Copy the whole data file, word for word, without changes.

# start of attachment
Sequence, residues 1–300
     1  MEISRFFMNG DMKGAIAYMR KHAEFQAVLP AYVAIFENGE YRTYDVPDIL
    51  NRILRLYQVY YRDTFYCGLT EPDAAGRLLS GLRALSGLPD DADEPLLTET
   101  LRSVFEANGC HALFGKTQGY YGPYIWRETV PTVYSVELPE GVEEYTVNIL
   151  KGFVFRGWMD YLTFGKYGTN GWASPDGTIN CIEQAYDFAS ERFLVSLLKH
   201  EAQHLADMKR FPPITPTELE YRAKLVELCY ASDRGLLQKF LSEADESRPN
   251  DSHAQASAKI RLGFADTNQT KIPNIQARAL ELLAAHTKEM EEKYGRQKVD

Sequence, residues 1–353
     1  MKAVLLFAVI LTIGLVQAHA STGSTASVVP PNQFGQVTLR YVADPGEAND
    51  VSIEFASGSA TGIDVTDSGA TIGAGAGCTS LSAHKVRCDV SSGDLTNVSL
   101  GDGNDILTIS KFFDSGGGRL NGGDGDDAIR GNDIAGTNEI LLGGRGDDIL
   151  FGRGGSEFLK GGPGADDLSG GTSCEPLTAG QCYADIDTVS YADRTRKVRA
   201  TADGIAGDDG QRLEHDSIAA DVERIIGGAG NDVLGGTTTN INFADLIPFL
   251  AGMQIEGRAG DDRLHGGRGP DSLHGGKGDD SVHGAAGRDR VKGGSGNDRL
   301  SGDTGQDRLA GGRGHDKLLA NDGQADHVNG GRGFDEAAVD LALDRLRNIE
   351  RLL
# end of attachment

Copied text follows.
Sequence, residues 1–300
     1  MEISRFFMNG DMKGAIAYMR KHAEFQAVLP AYVAIFENGE YRTYDVPDIL
    51  NRILRLYQVY YRDTFYCGLT EPDAAGRLLS GLRALSGLPD DADEPLLTET
   101  LRSVFEANGC HALFGKTQGY YGPYIWRETV PTVYSVELPE GVEEYTVNIL
   151  KGFVFRGWMD YLTFGKYGTN GWASPDGTIN CIEQAYDFAS ERFLVSLLKH
   201  EAQHLADMKR FPPITPTELE YRAKLVELCY ASDRGLLQKF LSEADESRPN
   251  DSHAQASAKI RLGFADTNQT KIPNIQARAL ELLAAHTKEM EEKYGRQKVD

Sequence, residues 1–353
     1  MKAVLLFAVI LTIGLVQAHA STGSTASVVP PNQFGQVTLR YVADPGEAND
    51  VSIEFASGSA TGIDVTDSGA TIGAGAGCTS LSAHKVRCDV SSGDLTNVSL
   101  GDGNDILTIS KFFDSGGGRL NGGDGDDAIR GNDIAGTNEI LLGGRGDDIL
   151  FGRGGSEFLK GGPGADDLSG GTSCEPLTAG QCYADIDTVS YADRTRKVRA
   201  TADGIAGDDG QRLEHDSIAA DVERIIGGAG NDVLGGTTTN INFADLIPFL
   251  AGMQIEGRAG DDRLHGGRGP DSLHGGKGDD SVHGAAGRDR VKGGSGNDRL
   301  SGDTGQDRLA GGRGHDKLLA NDGQADHVNG GRGFDEAAVD LALDRLRNIE
   351  RLL